I've got serious reservations about the True Stadium though. It holds 25,000 spectators and was originally built for the 1998 Asian Games, so as you would expect, it has a very 'track and field' feel to it.
The football followers I've spoken to on social media (those who have been as an away fan or a neutral) are fairly unanimous in their verdict - it's a shit place to watch football! Comments include - "There are no beer sales at the ground", "you are miles from the action thanks to a great big running track", "there is no cover in the away end, so if it rains, you'll get as soaked as I did when I went last season", "there's no noise from the home fans and no atmosphere", "you'll feel like you're rattling around in a great big empty stadium" etc.
It seems that no one has a positive word to say about it, but looking at the average home attendance figures, there are about 7,300 'masochists' who turn up to watch Bangkok United home games. Perhaps there's little else to do in Pathum Thani.
Confident of getting something from the game?
Not really. I think on paper, only Port and Buriram are more difficult away fixtures. We didn't play particularly well against Prachuap last Saturday and prior to that, we got knocked out of the League Cup at the first hurdle by Thonburi University (albeit with a virtual reserve team) so confidence in the camp is maybe not what you would call sky-high at the moment.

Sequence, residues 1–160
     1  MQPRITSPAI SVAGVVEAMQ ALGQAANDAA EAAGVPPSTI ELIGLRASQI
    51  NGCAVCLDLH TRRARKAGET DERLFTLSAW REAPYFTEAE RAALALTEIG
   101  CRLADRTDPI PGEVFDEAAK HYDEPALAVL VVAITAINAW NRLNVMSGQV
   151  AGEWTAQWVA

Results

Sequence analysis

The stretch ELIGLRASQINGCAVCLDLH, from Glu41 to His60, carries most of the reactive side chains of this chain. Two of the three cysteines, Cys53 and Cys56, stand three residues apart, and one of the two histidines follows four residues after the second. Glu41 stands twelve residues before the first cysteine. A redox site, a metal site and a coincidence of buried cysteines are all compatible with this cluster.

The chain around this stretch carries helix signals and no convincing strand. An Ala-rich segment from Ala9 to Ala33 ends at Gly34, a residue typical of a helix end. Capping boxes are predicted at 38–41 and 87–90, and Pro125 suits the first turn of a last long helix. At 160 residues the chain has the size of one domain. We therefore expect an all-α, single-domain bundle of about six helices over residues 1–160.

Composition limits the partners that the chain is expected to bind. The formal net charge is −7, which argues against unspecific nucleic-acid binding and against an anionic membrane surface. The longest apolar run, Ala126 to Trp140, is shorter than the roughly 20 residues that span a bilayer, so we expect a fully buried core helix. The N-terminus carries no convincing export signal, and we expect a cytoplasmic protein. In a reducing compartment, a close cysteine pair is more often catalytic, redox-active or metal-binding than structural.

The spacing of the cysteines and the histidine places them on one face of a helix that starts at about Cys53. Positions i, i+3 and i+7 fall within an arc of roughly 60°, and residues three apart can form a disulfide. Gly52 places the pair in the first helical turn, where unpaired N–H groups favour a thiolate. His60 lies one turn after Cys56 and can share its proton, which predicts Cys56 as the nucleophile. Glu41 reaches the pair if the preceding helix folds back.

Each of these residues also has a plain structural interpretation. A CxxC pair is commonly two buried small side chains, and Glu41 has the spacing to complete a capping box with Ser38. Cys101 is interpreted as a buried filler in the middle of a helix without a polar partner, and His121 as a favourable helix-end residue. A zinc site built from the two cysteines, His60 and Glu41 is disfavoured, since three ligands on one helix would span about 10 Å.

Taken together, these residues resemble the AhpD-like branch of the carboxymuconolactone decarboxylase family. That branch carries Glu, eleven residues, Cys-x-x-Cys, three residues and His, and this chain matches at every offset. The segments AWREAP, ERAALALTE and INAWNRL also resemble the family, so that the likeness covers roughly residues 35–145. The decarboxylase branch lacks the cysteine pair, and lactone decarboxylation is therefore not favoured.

The players will need to stand up and be counted today if we're going to nick a point or three.
In fact I would say that today's game and then the very tough home match against Nakhon Ratchisima on Wednesday, will go some way to defining our season. Depending on how those two results go, we'll find out whether we are truly a 'top four team' or perhaps just a top half of the table side.
What's Bangkok United's home record like this season?
Three wins and two defeats from five games.
In their last two home matches, they thumped Prachuap 6-1 and Suphanburi 4-0 but prior to that, they surprisingly went down 4-2 to Chonburi and they've also been beaten by Buriram.
Brave enough to make a score prediction?
Probably not, but I would be over the moon with a point. I just don't want to see us get walloped.
And wifey's giving up her Sunday to drive you to the match, etc. How do you do it?
You have to make these football trips sound enticing. There has to be what I call 'add-ons'